Please note: The following is an AI-generated transcript that has not been spell-checked. Misspellings are not intentional but are to be expected; please excuse them. To watch a video of this session, please find the link below. Thank you.


All right.


Hello and welcome to the healthcare facilities network. I’m your host Peter Martin. From Goslin Martin associates. As always, thank you for clicking on this episode. And today I am very happy to welcome my guests Skander Skander Hall from


common spirit health. He’s the new president of the American Society for Healthcare Engineering. Skanda is the President for Ashi in 2024, Skanda. Thank you so much for appearing for making time. I know you’ve got a busy schedule. It’s great to have you.


Thank you, Peter. And thank you for inviting me it is a great opportunity. And you know, getting the presidency is only a few days, I can feel the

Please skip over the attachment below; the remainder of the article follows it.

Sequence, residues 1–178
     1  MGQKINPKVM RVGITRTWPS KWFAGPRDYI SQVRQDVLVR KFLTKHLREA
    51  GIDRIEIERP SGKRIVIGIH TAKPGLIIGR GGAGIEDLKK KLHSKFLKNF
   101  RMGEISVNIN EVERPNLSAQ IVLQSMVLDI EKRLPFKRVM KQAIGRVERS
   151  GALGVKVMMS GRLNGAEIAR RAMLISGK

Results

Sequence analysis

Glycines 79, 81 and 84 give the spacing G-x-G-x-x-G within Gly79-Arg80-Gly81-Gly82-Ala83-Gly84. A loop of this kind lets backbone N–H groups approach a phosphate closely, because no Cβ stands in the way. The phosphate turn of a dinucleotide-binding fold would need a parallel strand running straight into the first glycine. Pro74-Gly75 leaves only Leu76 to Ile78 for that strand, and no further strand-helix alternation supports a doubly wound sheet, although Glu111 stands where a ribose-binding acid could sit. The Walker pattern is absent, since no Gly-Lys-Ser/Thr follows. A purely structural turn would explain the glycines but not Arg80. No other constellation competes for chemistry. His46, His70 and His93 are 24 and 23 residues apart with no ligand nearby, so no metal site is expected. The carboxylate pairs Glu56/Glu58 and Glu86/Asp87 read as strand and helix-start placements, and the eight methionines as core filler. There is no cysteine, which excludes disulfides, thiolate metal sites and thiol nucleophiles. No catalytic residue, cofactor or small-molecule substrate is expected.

load on me. And this will give me an opportunity to say what I want to say to the the members. Absolutely congratulations on your, on your election as Skanda said, we are recording this. On January 9, near January 8, I’m giving you an extra day. So we’ll we’ll post this pretty quickly. Because we do want to get it up a skillet starts but congratulations, how have those first eight days, Ben? While in fact it was good. You know, I am getting to know on LinkedIn, I put a message in LinkedIn seems to be well received a role wrote a letter and sent from assay website to all the members and is trickling into them. I’m here to serve. And I want to reach out to every member I’m not going to leave anyone United States and around the world. So I am here to Ashi I’m here for the members. Excellent. And I do want to I do want to get into that a little bit more obviously. That’s why we’re we’re discussing but in scandalous role that actually pays him that he gets paid for he’s the division director for common spirit healthy is the Division Director of Facilities Management, energy and infrastructure. Midwest. Skanda has hospitals in four states, just about 34 hospital locations across the Midwest. He’s based out of Omaha, correct. Skander you’re correct. And it’s a snow day here in Omaha.